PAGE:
At the UBS Warburg Media Conference in New York earlier this month, Metro-Goldwyn-Mayer Inc. chairman Alex Yemenidjian said AMC — in which the film studio already holds a 20 percent stake — would be a "perfect fit." But analysts don't expect a sale anytime soon.
The DBS spectrum is a little trickier. Cablevision has said it wants to use its 11 satellite slots to launch its own satellite service, which could cost as much as $2 billion. Those slots are currently leased to EchoStar Communications Corp., which could be a possible buyer.
Another possibility: A sale of the slots to News Corp., which is expected to make a run at the No. 1 DBS provider, DirecTV Inc.
The Verizon deal also could give Cablevision more negotiating leverage with News Corp's Fox Entertainment Group, which has "put" rights for its interests in five regional sports networks outside the New York metropolitan area.
Fox can put its interest in the five networks — Fox Sports Ohio, Fox Sports Bay Area, Fox Sports Chicago, Fox Sports Florida and Fox Sports New England — to Cablevision between Dec. 18 and Jan. 18.
Most analysts value the Fox interest in the sports channels at about $990 million. As part of the agreement, Cablevision can either buy Fox's stake for cash, issue a three-year bullet note (an interest-only bond with principal due at maturity), or start an initial public offering for the networks. Both parties also have the option of doing nothing, although many analysts believe that scenario is unlikely.
Cablevision and News also have another option: Swapping Fox's 40 percent interest in Madison Square Garden Inc. — comprised of the Madison Square Garden arena, Madison Square Garden Network and Fox Sports New York, three professional sports teams (the New York Knicks, New York Rangers and New York Liberty), the MetroChannels and Radio City Music Hall — for full control of the regional sports networks outside of New York.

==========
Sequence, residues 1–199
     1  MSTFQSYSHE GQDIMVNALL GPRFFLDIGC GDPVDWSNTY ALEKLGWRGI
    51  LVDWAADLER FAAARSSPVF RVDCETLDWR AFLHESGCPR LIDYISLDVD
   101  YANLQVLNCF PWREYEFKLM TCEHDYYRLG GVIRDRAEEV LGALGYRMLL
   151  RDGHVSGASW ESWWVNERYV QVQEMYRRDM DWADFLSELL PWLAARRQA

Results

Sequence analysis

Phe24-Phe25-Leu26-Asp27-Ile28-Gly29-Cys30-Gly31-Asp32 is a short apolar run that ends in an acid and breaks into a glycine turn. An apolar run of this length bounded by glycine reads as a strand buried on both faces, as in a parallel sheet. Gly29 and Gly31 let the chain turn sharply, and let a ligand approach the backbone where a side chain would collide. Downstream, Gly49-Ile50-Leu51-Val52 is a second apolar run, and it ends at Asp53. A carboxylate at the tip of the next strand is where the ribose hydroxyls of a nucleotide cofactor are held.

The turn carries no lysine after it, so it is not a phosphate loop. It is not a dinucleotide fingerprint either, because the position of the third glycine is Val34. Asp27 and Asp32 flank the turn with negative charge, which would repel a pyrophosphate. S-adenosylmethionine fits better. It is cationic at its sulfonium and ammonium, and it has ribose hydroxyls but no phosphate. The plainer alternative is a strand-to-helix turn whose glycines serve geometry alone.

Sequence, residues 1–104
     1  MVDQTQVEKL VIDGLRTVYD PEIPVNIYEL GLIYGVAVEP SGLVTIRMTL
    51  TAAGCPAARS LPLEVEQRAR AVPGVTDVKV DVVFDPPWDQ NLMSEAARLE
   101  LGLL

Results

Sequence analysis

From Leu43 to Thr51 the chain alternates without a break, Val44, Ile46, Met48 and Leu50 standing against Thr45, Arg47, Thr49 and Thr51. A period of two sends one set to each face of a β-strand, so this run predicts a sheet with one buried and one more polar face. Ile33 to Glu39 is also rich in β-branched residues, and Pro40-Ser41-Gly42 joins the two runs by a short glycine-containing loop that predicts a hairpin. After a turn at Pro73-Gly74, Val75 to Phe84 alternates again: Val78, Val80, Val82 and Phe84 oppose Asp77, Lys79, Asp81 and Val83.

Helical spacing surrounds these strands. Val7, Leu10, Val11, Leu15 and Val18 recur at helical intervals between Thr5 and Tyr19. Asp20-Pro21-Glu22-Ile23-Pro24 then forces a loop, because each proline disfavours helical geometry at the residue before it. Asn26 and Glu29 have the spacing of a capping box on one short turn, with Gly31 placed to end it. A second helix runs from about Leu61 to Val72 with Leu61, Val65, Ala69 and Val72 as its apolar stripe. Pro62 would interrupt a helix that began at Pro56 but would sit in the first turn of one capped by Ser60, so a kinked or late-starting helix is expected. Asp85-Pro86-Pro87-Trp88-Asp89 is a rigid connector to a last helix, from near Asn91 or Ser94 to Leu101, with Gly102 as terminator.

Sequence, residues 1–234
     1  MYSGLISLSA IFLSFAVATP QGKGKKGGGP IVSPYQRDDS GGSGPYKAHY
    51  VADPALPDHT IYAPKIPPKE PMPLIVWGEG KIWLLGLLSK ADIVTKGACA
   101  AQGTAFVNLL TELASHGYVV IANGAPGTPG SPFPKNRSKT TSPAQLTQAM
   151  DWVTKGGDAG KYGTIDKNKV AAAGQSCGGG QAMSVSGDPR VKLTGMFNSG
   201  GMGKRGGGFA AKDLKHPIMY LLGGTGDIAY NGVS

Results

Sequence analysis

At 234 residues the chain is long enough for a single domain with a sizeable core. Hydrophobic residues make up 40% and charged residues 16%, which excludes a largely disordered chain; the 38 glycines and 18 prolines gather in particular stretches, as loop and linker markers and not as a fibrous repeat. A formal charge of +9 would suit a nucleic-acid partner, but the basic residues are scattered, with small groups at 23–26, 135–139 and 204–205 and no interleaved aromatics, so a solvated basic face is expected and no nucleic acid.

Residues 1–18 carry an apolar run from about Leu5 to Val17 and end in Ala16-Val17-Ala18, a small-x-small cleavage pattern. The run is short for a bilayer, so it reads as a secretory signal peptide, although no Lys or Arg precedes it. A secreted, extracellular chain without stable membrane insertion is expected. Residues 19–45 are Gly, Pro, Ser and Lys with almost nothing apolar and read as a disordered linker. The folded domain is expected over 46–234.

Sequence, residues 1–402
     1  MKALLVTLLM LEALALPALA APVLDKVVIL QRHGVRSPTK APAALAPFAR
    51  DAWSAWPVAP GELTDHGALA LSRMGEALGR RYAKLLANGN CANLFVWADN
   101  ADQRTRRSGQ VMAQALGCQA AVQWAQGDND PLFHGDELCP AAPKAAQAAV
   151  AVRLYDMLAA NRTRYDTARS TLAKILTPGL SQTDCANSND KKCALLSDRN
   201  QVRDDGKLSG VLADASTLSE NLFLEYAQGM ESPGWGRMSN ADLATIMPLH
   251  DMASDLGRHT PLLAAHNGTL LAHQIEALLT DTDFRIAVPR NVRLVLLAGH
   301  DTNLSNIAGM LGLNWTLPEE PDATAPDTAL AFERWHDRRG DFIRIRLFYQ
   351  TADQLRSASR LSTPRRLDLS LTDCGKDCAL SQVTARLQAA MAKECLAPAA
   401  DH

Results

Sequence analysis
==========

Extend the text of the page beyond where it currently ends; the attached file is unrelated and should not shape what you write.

Although Cablevision is clearly in a better financial position with the recent asset sales, many analyst believe it is unlikely that News Corp. would let its "put" window expire without taking any action. If the company does not exercise its put before Jan. 18, it won't have another chance until 2005.
An asset swap also makes sense because the regional networks don't appear to fit in with Cablevision's New York-centric strategy. The MSO has about 3 million cable subscribers in the New York metro area.
$150M Value gap
One obstacle to that scenario is the disparity in value between the MSG stake and the regional stake. Analysts estimate that Fox's 40 percent of the New York sports assets is worth about $150 million to $200 million more than Cablevision's interest in the regional networks.
The Verizon deal could give Cablevision that needed cash.
So far, however, both Cablevision and Fox have hinted that the partnership will remain as is.
Fox Networks Group president and CEO Tony Vinciquerra, speaking at the recent UBS Warburg conference in New York, said allowing the partnership to stand is a viable option.
"Our business with Cablevision is a pretty good business as it is today," Vinciquerra
said at the conference.
At the same conference, Cablevision vice chairman William Bell said the two parties are negotiating, but if the put were exercised, Cablevision would likely issue the bullet note or launch an IPO.